Police in a Northeastern Kentucky community are looking for a thief

The suspect is described as a male standing about 6 feet tall, with a red goatee and wearing a dark blue jacket over top of a light blue sweatshirt. According to officials the man robbed a gas station on the 28-hundered block of Winchester Avenue in Ashland yesterday afternoon around 3. He made off with some cash, before fleeing toward Green-up Avenue on foot. Anyone with information on the incident is encouraged to contact the Ashland police, or their silent witness line at 606 329 1771.

A Louisa man is in jail after robbing his former employer

20 year old Tyler Ward of Louisa confessed to breaking the window out of the Milano’s Restaurant on Monday morning and stealing the cash register. Police were able to apprehend Tyler at a convenience store shortly after the incident occurred. He has been charged with Burglary, Theft by unlawful taking and Criminal Mischief.

A message on Facebook changed the course of a Johnson County man’s life

Twenty nine year old Wayne Stambaugh of Paintsville complained on his Facebook wall about the difficulty in finding a job without a GED. A friend called him out and asked why he didn’t get his, and his answer was he couldn’t afford it. After contacting administrators at Big Sandy Community and Technical College Stambaugh was able to receive funding, and completed the test with honors in just three weeks. In a press release Stambaugh claimed that he is going to further his education at the college, and thanked the administration for helping him get something that he takes pride in and that no one can take away from him.

 

Photo Credit: Stephanie Bunyard.

Photo Caption: Wayne Stambaugh is the newest GED graduate from the Johnson County Adult Education program, thanks in part to the support of the Johnson County Farm Bureau. Stambaugh is shown with Dr. Jennifer Leedy, director of the Johnson County Adult Education program, and Greg Meade and Roger Murray of Johnson County Farm Bureau.

A fire leads to an evacuation in Middlesboro

The fire occurred at a Wal-mart store, where an electrical short in the meat department sparked the blaze yesterday evening. The Middlesboro Fire Department was at the store for less than an hour, but decided that it would be better to evacuate the store due to the fumes from the extinguishers. The fire caused minimal damage, and there were no reported injuries.

A Martin County family is willing to pay for answers

William Fannin has been missing for well over two weeks, but his relatives are still looking for answers. Search teams have combed the hills near his home in the Milo community of Martin County, and are currently draining Milo Lake to search for remains. In an effort to gain a lead in the case his family offered a 1-thousand dollar reward for information leading to his discovery, but they have raised that number to 25-hundered. Anyone with information is encouraged to contact the Martin County Sheriff’s Department.

Parents in London have a leg up in the war on drugs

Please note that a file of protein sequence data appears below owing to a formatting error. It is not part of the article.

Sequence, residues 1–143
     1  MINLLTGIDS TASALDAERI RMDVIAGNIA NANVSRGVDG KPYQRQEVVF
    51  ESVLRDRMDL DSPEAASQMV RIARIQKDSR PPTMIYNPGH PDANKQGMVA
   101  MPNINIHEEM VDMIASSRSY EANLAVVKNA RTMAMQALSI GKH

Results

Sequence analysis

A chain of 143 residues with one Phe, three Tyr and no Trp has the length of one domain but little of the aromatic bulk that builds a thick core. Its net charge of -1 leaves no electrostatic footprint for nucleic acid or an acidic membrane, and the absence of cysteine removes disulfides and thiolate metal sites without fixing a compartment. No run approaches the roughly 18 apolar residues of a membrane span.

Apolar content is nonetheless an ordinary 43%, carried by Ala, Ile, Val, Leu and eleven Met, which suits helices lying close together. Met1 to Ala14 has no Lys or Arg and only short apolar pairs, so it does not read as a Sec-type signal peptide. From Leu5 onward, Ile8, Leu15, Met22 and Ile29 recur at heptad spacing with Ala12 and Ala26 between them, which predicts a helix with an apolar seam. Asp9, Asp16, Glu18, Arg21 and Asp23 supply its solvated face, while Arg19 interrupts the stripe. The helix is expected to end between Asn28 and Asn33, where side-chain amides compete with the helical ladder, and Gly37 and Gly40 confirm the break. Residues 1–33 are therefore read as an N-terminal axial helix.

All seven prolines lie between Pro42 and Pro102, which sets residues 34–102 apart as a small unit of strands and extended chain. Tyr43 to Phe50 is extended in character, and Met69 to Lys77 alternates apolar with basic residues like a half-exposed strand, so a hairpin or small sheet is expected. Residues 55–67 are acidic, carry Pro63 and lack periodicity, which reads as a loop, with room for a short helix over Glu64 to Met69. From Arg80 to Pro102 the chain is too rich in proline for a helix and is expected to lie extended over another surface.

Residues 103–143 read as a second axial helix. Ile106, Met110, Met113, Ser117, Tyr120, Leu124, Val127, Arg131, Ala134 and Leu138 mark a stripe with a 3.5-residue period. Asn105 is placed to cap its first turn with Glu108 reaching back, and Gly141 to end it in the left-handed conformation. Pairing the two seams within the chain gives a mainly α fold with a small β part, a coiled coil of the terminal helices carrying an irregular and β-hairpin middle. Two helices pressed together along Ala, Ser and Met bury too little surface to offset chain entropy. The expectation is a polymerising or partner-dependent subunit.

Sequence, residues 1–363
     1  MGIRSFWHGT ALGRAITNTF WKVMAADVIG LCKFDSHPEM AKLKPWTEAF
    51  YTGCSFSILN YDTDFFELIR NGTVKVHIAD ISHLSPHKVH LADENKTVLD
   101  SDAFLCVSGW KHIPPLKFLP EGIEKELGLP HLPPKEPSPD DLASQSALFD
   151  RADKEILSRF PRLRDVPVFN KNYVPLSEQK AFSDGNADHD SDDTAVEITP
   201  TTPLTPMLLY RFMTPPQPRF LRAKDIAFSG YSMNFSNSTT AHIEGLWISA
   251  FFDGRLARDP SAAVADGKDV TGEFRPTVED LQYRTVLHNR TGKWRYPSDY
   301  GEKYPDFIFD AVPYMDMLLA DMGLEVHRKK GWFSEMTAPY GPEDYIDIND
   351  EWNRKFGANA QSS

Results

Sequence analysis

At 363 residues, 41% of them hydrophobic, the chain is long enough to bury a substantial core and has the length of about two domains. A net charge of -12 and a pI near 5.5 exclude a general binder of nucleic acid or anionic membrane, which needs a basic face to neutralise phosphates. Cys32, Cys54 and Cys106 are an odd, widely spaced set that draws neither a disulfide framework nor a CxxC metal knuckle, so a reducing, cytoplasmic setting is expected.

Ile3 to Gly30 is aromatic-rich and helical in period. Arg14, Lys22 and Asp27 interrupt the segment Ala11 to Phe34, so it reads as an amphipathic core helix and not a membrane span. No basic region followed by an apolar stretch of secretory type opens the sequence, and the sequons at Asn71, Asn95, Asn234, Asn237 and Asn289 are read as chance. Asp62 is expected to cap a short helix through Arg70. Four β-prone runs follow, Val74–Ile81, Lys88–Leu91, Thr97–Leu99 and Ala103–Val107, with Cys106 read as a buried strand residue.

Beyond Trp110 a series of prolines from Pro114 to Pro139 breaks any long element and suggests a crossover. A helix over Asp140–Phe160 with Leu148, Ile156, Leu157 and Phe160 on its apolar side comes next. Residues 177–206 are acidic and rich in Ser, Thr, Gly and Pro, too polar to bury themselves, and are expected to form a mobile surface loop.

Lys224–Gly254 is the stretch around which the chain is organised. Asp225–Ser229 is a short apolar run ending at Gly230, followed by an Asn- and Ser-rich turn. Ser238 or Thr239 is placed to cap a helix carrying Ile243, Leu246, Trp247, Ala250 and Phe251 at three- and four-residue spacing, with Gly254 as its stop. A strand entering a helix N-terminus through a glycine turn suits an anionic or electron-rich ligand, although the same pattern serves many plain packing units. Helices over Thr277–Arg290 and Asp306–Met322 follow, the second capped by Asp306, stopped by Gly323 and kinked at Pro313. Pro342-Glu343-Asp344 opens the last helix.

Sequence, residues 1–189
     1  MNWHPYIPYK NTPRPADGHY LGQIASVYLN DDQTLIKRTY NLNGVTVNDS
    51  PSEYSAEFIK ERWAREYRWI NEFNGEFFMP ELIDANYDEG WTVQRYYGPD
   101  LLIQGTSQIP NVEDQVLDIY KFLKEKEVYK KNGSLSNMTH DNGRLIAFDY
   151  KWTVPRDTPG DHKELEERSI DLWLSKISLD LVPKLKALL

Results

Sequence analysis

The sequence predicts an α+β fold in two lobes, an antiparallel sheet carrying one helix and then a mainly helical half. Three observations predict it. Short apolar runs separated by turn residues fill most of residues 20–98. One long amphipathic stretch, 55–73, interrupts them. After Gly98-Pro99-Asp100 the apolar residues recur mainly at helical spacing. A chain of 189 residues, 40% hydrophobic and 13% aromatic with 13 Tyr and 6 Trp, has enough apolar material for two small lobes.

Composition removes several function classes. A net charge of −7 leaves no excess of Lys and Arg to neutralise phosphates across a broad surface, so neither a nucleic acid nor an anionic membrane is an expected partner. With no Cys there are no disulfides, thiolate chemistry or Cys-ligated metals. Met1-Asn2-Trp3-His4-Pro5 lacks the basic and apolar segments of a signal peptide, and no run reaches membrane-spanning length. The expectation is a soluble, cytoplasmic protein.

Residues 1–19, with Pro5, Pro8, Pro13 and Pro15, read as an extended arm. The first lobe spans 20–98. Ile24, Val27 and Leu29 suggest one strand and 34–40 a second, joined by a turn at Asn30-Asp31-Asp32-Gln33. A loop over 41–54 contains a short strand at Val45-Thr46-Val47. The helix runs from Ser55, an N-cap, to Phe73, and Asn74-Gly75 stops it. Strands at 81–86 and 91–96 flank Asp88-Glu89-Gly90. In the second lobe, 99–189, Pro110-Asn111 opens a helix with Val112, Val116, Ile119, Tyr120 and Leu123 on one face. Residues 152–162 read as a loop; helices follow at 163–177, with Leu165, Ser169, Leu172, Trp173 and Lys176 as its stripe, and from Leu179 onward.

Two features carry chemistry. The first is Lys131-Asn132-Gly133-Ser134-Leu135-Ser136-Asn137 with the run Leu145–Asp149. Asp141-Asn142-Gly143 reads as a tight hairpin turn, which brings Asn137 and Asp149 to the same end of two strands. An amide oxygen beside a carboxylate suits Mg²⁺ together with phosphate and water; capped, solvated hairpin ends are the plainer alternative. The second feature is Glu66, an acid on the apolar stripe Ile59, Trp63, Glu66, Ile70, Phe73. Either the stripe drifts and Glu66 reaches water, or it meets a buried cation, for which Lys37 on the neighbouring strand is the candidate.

The “Give me a reason” program offers parents a drug test that they can administer at home. According to a spokesman for the London Police, Magen Zawko, the idea behind the programs is to start the conversation about drugs at home. In a statement to WYMT Zawko said that the police do not get the results of these tests, and it allows the family to deal with it before it becomes a legal issue. Test area available through the police department and the school resource office. The “Give me a reason” program offers parents a drug test that they can administer at home. According to a spokesman for the London Police, Magen Zawko, the idea behind the programs is to start the conversation about drugs at home. In a statement to WYMT Zawko said that the police do not get the results of these tests, and it allows the family to deal with it before it becomes a legal issue. Test area available through the police department and the school resource office.

Responders spent hours battling a Lawrence County blaze

Dispatch sent out the call after midnight on Sunday reporting that the Family Foods Building in Lowmansville was engulfed in flames. While several departments worked valiantly to save the building for over 6 hours, they were unsuccessful. According to the store owner, Diane Castle, the fire spread from a truck which someone had lit on fire. In an interview with WYMT Castle said she was unsure if she would rebuild the store.

Photo Courtesy of WYMT

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Officials fear they may have to shut down a recycling center

Like many Counties in eastern Kentucky Letcher is suffering from the decline of Coal severance funds, and is having to take a closer look at where it is spending its money. According to Judge Executive Jim Ward the recycling plant suffered from a nearly 200-thousand dollar shortfall last year, and the county does not have the excess income to cover that kind of loss. The Fiscal Court just recently raised the bill for garbage pickup to 3 dollars, and according to Ward to continue recycling services that would have to increase by another 3 dollars. The Court will discuss the fate of the plant at their December 29th meeting.

A long standing drug lawsuit has been settled

In 2007 The Commonwealth of Kentucky filed the suit against the manufacturer of the painkiller Oxycontin, Purdue Pharma. The State accused the manufacturer of false statements, after it claimed the pill was not addictive since it was a 12 hour time release tablet. This was affected by individuals crushing the pills to create an instant high. WYMT reports that Purdue Pharma will pay Kentucky 12 million dollars upfront and an additional 12 million over the next 8 years. Kentucky Attorney General Jack Conway presided over the settlement.